[DSC] Season 1, Episode 1 & 2: The Vulcan Hello & Battle at the Binary Stars
The Vulcan Hello and Battle at the Binary Stars center around the mentor/mentee relationship between Michael Burnham and her captain, Philippe Georgiou, and the tensions placed on that relationship by a threat to their ship, and potentially all of starfleet. Their relationship is established in the otherwise unrelated opening sequence, in a kind of clunky way, but from then on the deep connection the two characters share is effectively and emotionally portrayed, adding a fantastic gravity to their disagreements later in the episodes.
The other mentor in Michael Burnham’s life is her ward, Sarek. This relationship also works pretty well, although the episodes have to go to sometimes strenuous lengths to get the two characters in touch with each other. Sarek is well portrayed, and gives us a window into the fascinating duality Michael Burnham struggles with. I’m excited to see how her character evolves and deepens as the show progresses.
Both the premier and the future of the series hinge on a critical decision Burnham makes in the two-parter. One of the strengths of these two episodes is that her decision is controversial (and probably upsetting) but also understandable. There is a classic question of whether or not Burnham has acted out emotionally or if she has reasonable justification for her drastic action. Fortunately, the answer to that question isn’t made totally clear, and in all likelihood both explanations are probably true. This level of nuance is one of the most promising components of the new show.
The Klingon thread of the episodes is a bit of a mixed bag. The group we spend time with has a solid but familiar motivation, which, in the grand tradition of Star Trek, is pretty relevant to the current political and social climate. Because of this familiarity, however, we as an audience don’t need much to understand what’s going on. Too much time is spent ineffectively “fleshing out” the Klingon group – there is some backstory for the Klingon leader which (at least so far) doesn’t seem very illuminating, for instance. It’s not a huge problem, but it causes some drag in the overall pace of the premier. On the positive side, I personally think the design of these new Klingons is pretty impressive. The cathedral-like interiors and baroque armor visually reinforce ideas of honor, strength and tradition being raised to supernaturally important values for the Klingons. The Klingons feel freshly intimidating and alien here, so even if it doesn’t fit neatly into cannon, I think the change is a welcome one.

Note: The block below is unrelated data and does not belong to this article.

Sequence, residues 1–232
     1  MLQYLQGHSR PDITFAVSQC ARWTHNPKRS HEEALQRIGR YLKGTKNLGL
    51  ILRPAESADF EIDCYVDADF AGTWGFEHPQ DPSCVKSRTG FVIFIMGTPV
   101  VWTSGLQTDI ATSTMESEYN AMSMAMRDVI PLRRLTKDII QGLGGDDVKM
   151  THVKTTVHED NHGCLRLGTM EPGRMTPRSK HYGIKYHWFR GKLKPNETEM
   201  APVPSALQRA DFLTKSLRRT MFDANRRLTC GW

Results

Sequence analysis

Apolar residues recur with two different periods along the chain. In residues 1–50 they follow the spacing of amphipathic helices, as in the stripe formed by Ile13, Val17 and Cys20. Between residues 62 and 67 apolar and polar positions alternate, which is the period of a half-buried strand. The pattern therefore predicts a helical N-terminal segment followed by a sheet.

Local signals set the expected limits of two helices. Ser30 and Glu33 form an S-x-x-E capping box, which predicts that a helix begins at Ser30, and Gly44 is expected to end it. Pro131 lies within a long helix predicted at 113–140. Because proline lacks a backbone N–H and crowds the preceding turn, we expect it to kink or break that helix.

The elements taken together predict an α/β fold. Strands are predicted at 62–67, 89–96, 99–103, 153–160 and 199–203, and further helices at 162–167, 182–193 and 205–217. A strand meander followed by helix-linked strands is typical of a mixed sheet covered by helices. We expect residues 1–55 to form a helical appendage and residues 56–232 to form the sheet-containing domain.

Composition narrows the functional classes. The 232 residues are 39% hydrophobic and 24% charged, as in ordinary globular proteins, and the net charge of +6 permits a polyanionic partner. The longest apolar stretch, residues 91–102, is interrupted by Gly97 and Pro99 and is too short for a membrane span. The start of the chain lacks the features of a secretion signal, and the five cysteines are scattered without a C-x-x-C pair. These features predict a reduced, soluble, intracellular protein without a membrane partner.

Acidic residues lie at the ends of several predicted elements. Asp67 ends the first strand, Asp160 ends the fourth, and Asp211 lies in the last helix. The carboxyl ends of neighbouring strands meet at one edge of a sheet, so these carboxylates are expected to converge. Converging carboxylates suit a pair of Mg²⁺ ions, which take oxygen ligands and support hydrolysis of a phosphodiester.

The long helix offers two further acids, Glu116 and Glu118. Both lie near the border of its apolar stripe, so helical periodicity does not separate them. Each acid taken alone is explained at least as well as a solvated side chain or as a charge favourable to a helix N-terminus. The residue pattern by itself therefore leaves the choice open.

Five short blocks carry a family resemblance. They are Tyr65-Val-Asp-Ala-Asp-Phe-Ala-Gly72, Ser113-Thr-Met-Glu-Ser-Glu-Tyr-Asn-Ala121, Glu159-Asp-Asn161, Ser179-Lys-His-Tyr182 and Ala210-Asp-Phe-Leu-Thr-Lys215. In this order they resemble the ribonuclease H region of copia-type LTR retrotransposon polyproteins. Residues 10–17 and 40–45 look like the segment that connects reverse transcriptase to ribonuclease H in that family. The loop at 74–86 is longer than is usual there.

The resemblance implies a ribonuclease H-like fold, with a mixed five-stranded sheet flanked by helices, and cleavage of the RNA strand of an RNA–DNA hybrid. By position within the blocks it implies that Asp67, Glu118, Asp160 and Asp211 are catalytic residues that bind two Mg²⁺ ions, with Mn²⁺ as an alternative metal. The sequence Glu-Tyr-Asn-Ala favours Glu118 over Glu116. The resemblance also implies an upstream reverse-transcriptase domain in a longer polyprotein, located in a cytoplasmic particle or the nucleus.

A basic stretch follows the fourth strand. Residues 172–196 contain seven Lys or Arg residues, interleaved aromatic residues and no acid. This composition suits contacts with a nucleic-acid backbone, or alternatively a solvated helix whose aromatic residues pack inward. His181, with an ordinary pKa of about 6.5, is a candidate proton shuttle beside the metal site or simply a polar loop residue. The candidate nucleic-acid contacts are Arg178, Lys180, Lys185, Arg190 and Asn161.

Overall the episodes work well, adding a new flavor to Star Trek while holding true to the values of the original series. I still wish the design of the starfleet ships (interiors and exteriors) were more dynamic. They feel both cold and generic, as does the theme music, trying to ape the feel of other bland television sci-fi. There is also a lot of pacing issues, some truly clunky dialogue, and sometimes poorly executed sequences, but those all feel like the usual wobbles of a new show taking its first step rather than an indication of what the series will grow to be. Plus, for every one of those lapses we are given charming character interactions, (Lt. Saru and Burnham’s headbutts are a highpoint of the first two episodes) complex motivations, hints at bigger science fiction ideas, and some nice moments of suspense and excitement. I was actually pleasantly surprised that there isn’t much action, and when there is, the sequence is exciting more because of where Burnham and Georgiou are in the arc of their relationship than what the outcome of the action will be. The other most exciting chunk of the two parts comes near the beginning, when the crew of the Shenzhou has found something mysterious in space. The suspense is tangible as the crew weigh their options, and methodically work together to solve a mystery. It feels like a great, classic Star Trek moment, and I suspect Discovery has a lot more of those moments in store.